Fringepaste · · SoCal · Joined Oct 2015 · Points: 0

That method would work but it doesn't really utilize the three man team to its full potential.

Mark Hudon · · Lives on the road · Joined Jul 2009 · Points: 0

I did a couple routes with a three man team years ago but haven't put much thought into it recently.

Is the goal to be fast or efficient and have fun? These days, a three man team is a "party wall". I'm planning a party wall in my future but it will be on a route that is rarely done.
The trouble with 3 on the Nose is that so much of it is free climbing, the third man jugging the free hanging rope won't be a hell of a lot faster than the guy cleaning the pitch. Eliminating the 3rd man sort of eliminates the need to have him help with the hauling since your bags will be 1/3 lighter without his kit.

So okay, off the top of my head, two lead lines and one static haul line. The 3rd jugs the haul line, dragging the second lead line. The leader and second haul the bag and the 3rd starts leading. On the Nose though, by the time the bags reach the anchor, so will the 2nd, freeing up the lead line and negating the need for a second lead rope.

More later, since I'm actually going out and climbing El Cap right now!

Btw, anyone want to buy a lightly used (2 routes) Metolius El Cap Haul bag?

Fringepaste · · SoCal · Joined Oct 2015 · Points: 0

What is the general consensus regarding jugging on 9mm static lines. I wouldn't jugg a 9mm dynamic unless I really had to. Any brainiacs know if the static qualities makes any difference?

Ryan Hamilton · · Orem · Joined Aug 2011 · Points: 0

I don't think I would have any problems jugging a 9mm static line. Never done, it, but it seems like a fine idea.

Aaron O · · Seattle, WA · Joined Apr 2011 · Points: 0

I have most often heard of the third person jugging the haul line. If you have good technique, it shouldn't take much time at all for the climber to get to the anchor on the haul line. If you are going to do this make sure you think through the rope work at the pendulums in the Stovelegs, and definitely on the King Swing. Traverse at the gray bands would be interesting as well.

The reason I say that is because with the third jugs the haul line, they are typically detached from the anchors with the bag. On a traverse, it would be a little more complicated and time consuming I would think.

Jplotz · · Wenatchee, WA · Joined Sep 2011 · Points: 505

The King Swing and traverse through the gray bands would be super easy actually. On the KS, the leader does the swing fixes the rope at Eagle Ledge, and the second lowers the haulbag down to the leader who docks it at EL. On the fixed leader line, the 2nd and 3rd rap the single strand lead line while "trammed" with a QD on the fixed strand to EL. Super quick and easy.

On the Gray Bands traverse, the bag is typically left at the anchor before the 5th class, move the belay traverse. Leader then combines the next two pitches to the anchor below the Great Roof. The haul line will now run straight down to the bag where you left it docked. The 3rd, who stayed at the bag as well, undocks it and jugs straight up to the anchor.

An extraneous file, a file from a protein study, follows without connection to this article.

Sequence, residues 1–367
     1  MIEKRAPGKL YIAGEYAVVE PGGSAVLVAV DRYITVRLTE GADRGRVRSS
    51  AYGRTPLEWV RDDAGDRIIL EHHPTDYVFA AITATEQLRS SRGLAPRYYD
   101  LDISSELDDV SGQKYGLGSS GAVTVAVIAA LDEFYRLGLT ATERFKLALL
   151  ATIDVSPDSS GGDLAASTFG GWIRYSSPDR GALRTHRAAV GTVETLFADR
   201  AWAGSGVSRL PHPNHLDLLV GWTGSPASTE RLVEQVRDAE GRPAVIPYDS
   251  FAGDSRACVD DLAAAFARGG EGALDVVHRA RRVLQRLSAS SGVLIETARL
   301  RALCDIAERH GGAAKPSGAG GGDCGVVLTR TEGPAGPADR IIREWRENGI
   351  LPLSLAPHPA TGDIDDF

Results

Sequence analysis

Mark Hudon · · Lives on the road · Joined Jul 2009 · Points: 0

A 9 mil would be fine to jug. Don't forget that the Nose has been done a million times and every bad edge has surely been taken care of long ago.

As far as tag lines and lower out lines go, with 70 meter ropes, imho, you don't need them. Keep it Simple! Do the math! Figure it out!

Mark Hudon · · Lives on the road · Joined Jul 2009 · Points: 0
Jplotz wrote:The King Swing and traverse through the gray bands would be super easy actually. On the KS, the leader does the swing fixes the rope at Eagle Ledge, and the second lowers the haulbag down to the leader who docks it at EL. On the fixed leader line, the 2nd and 3rd rap the single strand lead line while "trammed" with a QD on the fixed strand to EL. Super quick and easy.
Why waste the time and effort to haul the bag and have the 2nd and 3rd jug to the top of the Boot, only to have to them lower the bag and rap off?

The Leader does the Boot, threads the rope and lowers off, cleaning the pitch, does the swing and anchors at Eagle Ledge.
The other two guys, still on top of Texas Flake, lower out the haul bag and then the 2nd lowers out the 3rd. The second jugs up a bit, cleaning the bolt ladder and then does the swing, the 1st and 3rd toss him a rope as he gets close.

Still easier and faster is the leader does as above, but climbs up to the ledge even with the top of Boot, about 60 feet above Eagle Ledge, placing no gear (he's mostly top roped and only the last moves are hard, which he could aid). The 2nd and 3rd, still on Texas Flake, lower out the haul bag, the second lowers out the 3rd. The second jugs to the top of the Boot, ties into the rope on the anchor side of the Boot anchor, puts his Gri-gri on the other side and lowers himself over.
Really simple, really fast and no ground is lost.
Michael Schneider · · Unknown Hometown · Joined Apr 2014 · Points: 85

Thanx Mr Hudon!
I've always thought that an evenly skilled team of 3 can have the most fun on the wall.
Splitting up & sharing the wonderful hard work, sharing in the perfume of life
and finding out. That everybody should have A Tube of their own!

Walls. Ya' gotta do a few to get the systems 'beyond dialed in'
when things feel like an incredible amount of work, look to break it down
into more manageable 'segments'; as Mark points out look, to simplify.

Guideline #1: Don't be a jerk.